In Indiana, the 4,400-student Greenfield-Central school district about 20 miles (32 kilometers) east of Indianapolis made a plea for help as its substitute pool shrank. “I said, ’If you’ve got a student who’s in college, maybe they’d like to work even a two-month thing for us – which would be a stopgap, no doubt – but it will help us a whole, whole bunch,” said Scott Kern, the Greenfield-Central Community School Corporation director of human resources.
Over a dozen college students answered the call including his own daughter, 19-year-old Grace Kern, who is studying medical imaging technology at Indiana University–Purdue University Indianapolis. She has been working in elementary school classrooms, helping students as teachers offer instruction remotely via a screen inside the room.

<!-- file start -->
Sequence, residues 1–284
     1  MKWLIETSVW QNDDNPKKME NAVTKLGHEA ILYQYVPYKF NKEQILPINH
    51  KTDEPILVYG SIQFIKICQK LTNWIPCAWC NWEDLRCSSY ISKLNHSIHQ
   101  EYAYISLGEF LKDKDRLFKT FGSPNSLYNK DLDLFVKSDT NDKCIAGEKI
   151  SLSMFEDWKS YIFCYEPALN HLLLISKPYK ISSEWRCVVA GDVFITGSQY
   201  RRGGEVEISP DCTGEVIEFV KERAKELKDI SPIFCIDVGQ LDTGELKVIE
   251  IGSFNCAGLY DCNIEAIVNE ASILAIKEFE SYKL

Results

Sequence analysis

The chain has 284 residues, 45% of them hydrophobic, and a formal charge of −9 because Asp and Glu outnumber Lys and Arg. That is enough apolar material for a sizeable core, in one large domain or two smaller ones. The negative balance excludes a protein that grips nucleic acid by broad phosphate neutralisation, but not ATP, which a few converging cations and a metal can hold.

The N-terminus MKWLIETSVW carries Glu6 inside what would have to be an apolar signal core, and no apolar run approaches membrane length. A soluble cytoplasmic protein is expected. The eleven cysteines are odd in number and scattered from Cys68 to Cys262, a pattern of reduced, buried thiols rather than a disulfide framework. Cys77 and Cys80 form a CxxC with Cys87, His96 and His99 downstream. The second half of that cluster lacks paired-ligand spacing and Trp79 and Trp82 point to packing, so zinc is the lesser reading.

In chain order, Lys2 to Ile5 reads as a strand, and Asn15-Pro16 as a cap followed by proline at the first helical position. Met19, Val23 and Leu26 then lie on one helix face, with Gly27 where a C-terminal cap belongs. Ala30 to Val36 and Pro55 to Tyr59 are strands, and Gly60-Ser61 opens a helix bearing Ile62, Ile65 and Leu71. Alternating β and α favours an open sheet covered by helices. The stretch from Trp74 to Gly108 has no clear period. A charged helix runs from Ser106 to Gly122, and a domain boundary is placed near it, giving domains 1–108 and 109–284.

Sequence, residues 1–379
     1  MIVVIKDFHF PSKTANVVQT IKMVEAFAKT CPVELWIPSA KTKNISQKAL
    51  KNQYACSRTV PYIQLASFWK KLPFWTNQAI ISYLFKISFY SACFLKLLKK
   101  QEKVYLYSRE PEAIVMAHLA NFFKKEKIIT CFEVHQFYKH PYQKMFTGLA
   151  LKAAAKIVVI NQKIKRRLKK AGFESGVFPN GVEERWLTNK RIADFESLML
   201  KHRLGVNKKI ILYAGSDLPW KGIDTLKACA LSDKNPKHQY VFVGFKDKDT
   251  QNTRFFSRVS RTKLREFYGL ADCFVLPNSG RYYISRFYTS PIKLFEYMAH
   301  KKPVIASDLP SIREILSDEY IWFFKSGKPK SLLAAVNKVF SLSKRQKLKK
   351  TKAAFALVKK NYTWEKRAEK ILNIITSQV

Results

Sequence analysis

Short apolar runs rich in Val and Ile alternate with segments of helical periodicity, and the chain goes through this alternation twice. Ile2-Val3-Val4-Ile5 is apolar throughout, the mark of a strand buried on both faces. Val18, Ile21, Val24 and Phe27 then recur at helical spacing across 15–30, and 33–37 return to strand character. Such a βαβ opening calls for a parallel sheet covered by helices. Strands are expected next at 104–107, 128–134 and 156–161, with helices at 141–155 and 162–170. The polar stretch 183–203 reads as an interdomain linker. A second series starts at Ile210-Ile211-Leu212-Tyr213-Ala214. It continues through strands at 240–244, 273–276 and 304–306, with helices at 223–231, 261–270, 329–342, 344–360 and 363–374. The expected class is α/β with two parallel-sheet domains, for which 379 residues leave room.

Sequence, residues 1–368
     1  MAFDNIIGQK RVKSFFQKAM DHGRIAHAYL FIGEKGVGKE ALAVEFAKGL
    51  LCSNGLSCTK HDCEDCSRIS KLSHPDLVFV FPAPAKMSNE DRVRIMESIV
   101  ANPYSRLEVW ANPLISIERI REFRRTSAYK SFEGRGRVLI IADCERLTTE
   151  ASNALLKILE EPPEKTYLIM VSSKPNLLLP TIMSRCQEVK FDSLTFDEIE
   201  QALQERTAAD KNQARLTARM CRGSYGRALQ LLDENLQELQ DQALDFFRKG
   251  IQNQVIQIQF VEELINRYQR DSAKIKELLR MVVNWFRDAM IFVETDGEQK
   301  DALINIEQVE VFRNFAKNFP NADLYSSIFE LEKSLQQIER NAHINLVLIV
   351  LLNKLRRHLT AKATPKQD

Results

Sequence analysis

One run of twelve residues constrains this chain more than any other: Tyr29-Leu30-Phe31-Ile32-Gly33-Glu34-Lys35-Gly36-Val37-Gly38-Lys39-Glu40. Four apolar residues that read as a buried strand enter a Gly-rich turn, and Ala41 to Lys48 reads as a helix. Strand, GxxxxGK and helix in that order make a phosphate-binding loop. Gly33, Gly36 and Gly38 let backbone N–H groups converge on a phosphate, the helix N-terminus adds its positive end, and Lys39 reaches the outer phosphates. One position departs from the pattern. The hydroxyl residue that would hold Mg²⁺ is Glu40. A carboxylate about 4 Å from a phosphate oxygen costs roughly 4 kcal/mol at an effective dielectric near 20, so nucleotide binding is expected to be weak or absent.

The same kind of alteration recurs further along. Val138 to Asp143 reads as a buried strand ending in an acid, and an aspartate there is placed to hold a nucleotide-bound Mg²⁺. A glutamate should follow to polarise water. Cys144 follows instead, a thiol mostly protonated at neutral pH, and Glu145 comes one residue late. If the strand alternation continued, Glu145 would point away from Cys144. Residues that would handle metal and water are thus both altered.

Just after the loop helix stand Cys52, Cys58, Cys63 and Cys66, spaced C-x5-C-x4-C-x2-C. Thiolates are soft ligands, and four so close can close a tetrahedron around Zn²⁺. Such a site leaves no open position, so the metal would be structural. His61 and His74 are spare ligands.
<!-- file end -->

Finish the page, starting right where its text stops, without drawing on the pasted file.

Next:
“My dad told me that a bunch of teachers are out and they’re struggling to get substitutes in. And I was like, ‘Well, all my classes are online, except for one, so I have the time to do it.’ And I would hate for the schools and the students to struggle,” she said.